3. I can't stand the rain: There were rain delays throughout the U.S. Open, and the tournament was completely rained out for two consecutive days. There is no roof on Arthur Ashe Stadium, and--to add to the troubles--Louis Armstrong Stadium had to be closed because of water bubbles that kept seeping in. Some players became angry about the scheduling, and chaos ensued.

2. That didn't just happen, did it?: For the first time ever, both the French Open champion (Li Na) and the Wimbledon champion (Petra Kvitova) were upset in the first round. Worse, they were both upset because they played so poorly. In the second round Marion Bartoli, Agnieszka Radwanska and Dominika Cibulkova were also upset.

1. Sam I am!: The tournament's 9th seed was virtually ignored by tennis journalists and commentators both before and during the tournament. In the third round, she played the longest women's match (3 hours and 16 minutes) in the history of the U.S. Open. In the round of 16, she lost the longest tiebreak (32 points) ever played by two women at a major, but went on to win the match. Samantha Stosur didn't play on Arthur Ashe Stadium--not even when those in charge finally scheduled her to do so. Because of the rain delays and the closing of Louis Armstrong Stadium, Stosur's semifinal was moved to the Grandstand. Stosur's moment on the big stage finally came during the final, when she played runaway favorite Serena Williams, and beat her in straight sets. Stosur's performance was nothing less than brilliant, and the former doubles star is now a U.S. Open champion in singles. Stosur is the first Australian woman to win the tournament in 38 years.

Monday, September 12, 2011

Quote of the day

"That's everything you would ever want to do in a  moment like that. I couldn't have dreamed of playing a better match."
Sam Stosur

Passing shots

Lang Whitaker, writing for The New York Times, takes a look at tennis video games.

As of today, Maria Sharapova is ranked number 2 in the world. Victoria Azarenka has moved to the number 3 spot, and U.S. Open champion Sam Stosur is now number 7 in the world.

In doubles, Liezel Huber has moved back to the number 1 ranking.

2nd seed Bojana Jovanovski was upset today in the first round of play in Tashkent. Jovanovski lost in straight sets to Sorana Cirstea.

Steve Flink writes about the rise of Samantha Stosur.

Stosur, by the way, had to use three alarm clocks to wake up this morning so she could get to all of her news media appearances.

Want a tennis lesson with Kim Clijsters? You have until September 30 to participate in the contest.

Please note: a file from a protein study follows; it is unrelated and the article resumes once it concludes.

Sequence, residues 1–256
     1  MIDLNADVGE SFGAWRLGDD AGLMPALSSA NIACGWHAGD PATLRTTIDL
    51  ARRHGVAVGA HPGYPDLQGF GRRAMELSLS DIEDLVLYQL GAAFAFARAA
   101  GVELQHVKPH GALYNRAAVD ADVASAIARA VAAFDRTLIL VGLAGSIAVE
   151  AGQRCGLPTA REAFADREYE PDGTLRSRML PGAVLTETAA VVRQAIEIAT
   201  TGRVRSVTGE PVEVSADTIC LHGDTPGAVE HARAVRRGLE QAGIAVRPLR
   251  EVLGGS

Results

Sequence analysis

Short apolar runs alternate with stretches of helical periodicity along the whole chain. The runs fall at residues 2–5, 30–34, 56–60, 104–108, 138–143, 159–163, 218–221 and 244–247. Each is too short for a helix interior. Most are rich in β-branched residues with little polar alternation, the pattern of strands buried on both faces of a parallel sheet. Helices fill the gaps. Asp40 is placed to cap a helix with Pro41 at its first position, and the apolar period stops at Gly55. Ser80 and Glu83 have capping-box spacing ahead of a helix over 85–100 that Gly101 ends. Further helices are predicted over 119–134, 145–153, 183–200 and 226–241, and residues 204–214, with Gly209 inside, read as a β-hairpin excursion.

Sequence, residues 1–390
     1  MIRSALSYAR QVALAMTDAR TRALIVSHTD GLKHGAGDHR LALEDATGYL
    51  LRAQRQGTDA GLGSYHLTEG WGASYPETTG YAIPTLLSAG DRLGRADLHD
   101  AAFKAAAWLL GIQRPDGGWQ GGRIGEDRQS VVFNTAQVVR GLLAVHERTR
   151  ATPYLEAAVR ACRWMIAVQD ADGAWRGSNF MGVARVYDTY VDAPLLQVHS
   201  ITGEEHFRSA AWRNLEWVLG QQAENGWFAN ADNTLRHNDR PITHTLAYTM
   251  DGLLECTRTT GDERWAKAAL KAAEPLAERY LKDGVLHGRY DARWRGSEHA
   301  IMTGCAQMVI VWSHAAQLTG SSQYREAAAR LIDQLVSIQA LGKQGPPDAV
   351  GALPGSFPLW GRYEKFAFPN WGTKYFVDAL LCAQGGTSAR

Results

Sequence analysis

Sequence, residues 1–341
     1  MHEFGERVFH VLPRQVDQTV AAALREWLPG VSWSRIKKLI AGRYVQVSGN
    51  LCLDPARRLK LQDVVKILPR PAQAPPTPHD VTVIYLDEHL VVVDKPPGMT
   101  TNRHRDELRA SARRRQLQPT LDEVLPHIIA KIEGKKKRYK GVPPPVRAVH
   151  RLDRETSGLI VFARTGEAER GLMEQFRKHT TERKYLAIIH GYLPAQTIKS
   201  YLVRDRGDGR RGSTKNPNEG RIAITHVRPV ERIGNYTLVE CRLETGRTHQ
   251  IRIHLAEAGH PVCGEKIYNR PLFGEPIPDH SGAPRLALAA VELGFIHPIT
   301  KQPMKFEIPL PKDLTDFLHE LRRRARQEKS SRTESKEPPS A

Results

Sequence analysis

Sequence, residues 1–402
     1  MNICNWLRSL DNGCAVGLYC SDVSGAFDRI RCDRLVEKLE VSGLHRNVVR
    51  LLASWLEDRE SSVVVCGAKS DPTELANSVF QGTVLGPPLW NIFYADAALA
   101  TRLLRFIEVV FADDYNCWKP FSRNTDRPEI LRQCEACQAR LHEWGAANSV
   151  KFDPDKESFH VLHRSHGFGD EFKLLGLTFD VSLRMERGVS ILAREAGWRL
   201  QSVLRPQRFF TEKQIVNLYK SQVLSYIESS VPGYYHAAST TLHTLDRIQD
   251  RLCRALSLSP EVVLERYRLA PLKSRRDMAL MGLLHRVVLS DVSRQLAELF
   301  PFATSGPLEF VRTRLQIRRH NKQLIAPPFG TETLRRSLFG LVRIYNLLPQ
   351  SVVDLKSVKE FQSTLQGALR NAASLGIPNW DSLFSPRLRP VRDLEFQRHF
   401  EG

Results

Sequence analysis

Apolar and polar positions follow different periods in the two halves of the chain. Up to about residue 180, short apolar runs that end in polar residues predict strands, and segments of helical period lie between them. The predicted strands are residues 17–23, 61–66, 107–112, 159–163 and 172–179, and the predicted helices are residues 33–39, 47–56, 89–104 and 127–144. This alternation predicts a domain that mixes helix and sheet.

Fish and foul

Following an "investigation," officials have fined Serena Williams $2,000 for her lengthy one-way conversation with chair umpire Eva Asderaki during the U.S. Open women's final. Officials also determined that the "outburst" (it was more of a rambling nonsensical rant) was not a major one, and therefore could not be used to extend Williams' probation, which ends with the close of the tournament. I heard a commentator complain that the fine was symbolic and therefore useless. I'll certainly go with "symbolic":

Serena Williams
Behavior: Called chair umpire a "hater," a "loser" and "unattractive inside" when she disagreed with the umpire's call

Reason given for behavior: "It was just so intense out there."

Media attention: Immediate and dramatic

Fine assessed: $2,000

Mardy Fish
Behavior: Called his opponent (some reported it was the chair umpire) a "dumbass" for what he thought was a ridiculous assumption that he (Fish) could actually understand a language other than English

Reason given for behavior: "We were fired up out there."

Media attention: Mentioned in passing

Fine assessed: $0,000

Sunday, September 11, 2011

U.S. Open--what they said

You want to play your best tennis, but we were just struggling today. I think they're a team that we've lost to before, and we've actually felt like we played--probably the time we played them before we played a better match than we did today. But today was kinda what we're talking about, just fighting and having each other's back and just kind of grinding it. Doesn't matter how ugly it got, the base part of it all was the tiebreak at the end. We actually played free. That was probably the part of the entire match that we felt like this is how we played the whole US Open.